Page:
Had it not been for the fact that rugby was a religion in the family, Kate Sheehan could have been lost to the game a long time ago.
The Munster hooker is one of the veterans in a side mixed with youth and experience for this season’s Interprovincial Series, which sees the defending champions host Leinster this Saturday at Musgrave Park, both sides starting the campaign with impressive bonus-point wins last week.
The 34-year old made her Munster debut way back in 2007 alongside her current head coach Niamh Briggs, while she’s been playing AIL rugby with UL Bohemians since she was 16.
Unlike a lot of players in her generation, she’s been playing rugby all her life, first with Young Munster as she followed the path laid by her brother Dave, who would go on to play AIL rugby with the Cookies.
But with no dedicated girls’ team at the time, she spent four years out of the game before landing out in Annacotty with Bohs.
“I went out to Young Munster as a child doing the minis but when you were 12 it was like ‘okay, bye’. There was nowhere to go after that for me. So I stopped playing,” she says.
“I was 16 and just by chance my uncle was working with Jason Enright, he was the manager [of UL Bohemians] at the time and he said ‘bring her out to training’. I remember feeling totally overwhelmed, to be honest but the girls were great, they just took you under their wing and showed you the ropes.”
The Women’s AIL may be dominated by Railway, Blackrock and Belvedere in recent seasons, but all have a long way to go to catch up on UL Bohs’ 13 titles.
And they were at the peak of their dominance in the 2000s, with Sheehan walking into a side containing the bulk of the Ireland squad, and having not played the game for four years.
“I gave basketball a bit of a go but I was a bit too aggressive! And tag [rugby]I just kept getting sent off so I was delighted to get back into the rugby.
“Now me and my brother would still play at home and my mother wouldn’t have a flowerpot left, we had the house destroyed, so I kept it up to some level,” she laughs.
“I started playing with Bohs in 05/06 when I was 16, playing AIL rugby back then.
“I came into a team where 17, 18 of the players were in the Ireland squad and the 15 starters were all starting for Ireland.”
In the early 2000s, she wouldn’t have been the only girl left without an outlet for rugby at the age of 12, and in another world could have been lost to the game for good.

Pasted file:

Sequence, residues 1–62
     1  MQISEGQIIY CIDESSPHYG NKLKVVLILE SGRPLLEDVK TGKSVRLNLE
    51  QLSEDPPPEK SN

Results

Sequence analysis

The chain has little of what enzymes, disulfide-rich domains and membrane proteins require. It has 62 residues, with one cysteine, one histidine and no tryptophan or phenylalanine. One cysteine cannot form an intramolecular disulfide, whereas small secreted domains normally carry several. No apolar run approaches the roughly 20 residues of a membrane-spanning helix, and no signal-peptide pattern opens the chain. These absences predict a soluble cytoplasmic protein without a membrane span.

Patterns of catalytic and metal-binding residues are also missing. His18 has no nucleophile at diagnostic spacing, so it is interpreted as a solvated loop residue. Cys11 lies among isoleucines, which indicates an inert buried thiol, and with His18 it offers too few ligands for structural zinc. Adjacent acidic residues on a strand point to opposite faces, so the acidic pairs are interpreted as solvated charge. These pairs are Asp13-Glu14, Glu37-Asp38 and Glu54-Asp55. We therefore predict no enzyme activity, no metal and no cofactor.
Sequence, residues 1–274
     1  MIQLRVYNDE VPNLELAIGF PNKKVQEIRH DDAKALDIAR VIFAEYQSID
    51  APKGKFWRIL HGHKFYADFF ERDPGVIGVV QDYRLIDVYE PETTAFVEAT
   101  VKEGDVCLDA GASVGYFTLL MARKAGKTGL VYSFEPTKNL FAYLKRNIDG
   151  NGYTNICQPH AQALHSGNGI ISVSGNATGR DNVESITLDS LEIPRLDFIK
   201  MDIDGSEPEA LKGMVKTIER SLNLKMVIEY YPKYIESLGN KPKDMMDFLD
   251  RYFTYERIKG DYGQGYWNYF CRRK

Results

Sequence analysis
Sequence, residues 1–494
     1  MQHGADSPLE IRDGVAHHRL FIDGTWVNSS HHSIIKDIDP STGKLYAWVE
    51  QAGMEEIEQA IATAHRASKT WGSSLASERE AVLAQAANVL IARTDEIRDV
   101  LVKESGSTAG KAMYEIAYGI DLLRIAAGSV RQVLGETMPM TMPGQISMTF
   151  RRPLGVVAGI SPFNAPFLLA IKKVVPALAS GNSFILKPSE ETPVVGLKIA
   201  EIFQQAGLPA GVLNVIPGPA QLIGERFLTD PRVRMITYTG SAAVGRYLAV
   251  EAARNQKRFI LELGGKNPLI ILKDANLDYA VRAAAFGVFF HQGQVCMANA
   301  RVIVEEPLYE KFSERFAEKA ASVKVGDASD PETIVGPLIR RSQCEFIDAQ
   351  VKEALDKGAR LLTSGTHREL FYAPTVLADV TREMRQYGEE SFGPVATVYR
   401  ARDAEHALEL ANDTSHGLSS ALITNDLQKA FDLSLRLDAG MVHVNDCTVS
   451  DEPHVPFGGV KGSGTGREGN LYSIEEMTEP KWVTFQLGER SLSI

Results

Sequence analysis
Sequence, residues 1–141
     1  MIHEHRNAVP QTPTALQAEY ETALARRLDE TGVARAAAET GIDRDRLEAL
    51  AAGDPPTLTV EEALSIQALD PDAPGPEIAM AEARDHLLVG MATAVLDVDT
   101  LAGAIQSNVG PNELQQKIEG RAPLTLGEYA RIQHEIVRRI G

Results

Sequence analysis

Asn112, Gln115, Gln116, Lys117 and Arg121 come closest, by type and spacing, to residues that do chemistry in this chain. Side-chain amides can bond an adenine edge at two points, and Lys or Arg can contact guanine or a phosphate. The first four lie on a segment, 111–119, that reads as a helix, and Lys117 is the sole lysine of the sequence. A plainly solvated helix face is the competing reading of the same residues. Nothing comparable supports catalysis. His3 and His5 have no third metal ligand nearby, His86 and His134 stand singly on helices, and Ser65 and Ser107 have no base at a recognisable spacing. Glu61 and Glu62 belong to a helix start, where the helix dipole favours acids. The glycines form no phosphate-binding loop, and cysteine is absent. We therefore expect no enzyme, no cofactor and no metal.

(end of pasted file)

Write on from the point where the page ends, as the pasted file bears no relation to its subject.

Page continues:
And that’s the biggest change she’s seen in the game in recent years, with dedicated girls’ teams through the age grades, which are producing players capable of slotting into provincial, and even the Irish side while still in their teens.
“Now you can tell, they’re coming in at 18 and they can play.
“At the start of our AIL season Kate Flannery was thrown straight in, she just slotted in. She evolved as the season went on, but you could tell they’ve played rugby before. It’s not people starting at 21, 22, 23. They were in playing minis.
“It’s great for them to be involved, but they’re there because they’re good enough as well.
“When I was growing up, I used to go to Thomond Park with my Dad and at the time you couldn’t buy a women’s or a kids jersey, my mother used to crop the O’Neill’s jersey for me.
“Even then, there wasn’t big crowds because everyone was out at Garryowen and Young Munster games. We’re behind the men, but we’re on the right trajectory.
“I’ve made unbelievable friends over the years. I’m 18 or 19 years playing with Bohs and they’re the best memories.
“I don’t know where my life would be if I didn’t pick up the ball. So anybody thinking about it or considering sending their daughter out I think it could be the best decision you could ever make because regardless of whether they go on to play for Munster or Ireland, it’s the club scene that’s the craic.
“It’s the friends, if they don’t seem themselves, ‘let’s go for a coffee’.
“It’s a massive circle of people that will support you and you can take that into any aspect of life. Yeah, it’s been one of the best things I’ve ever done.”
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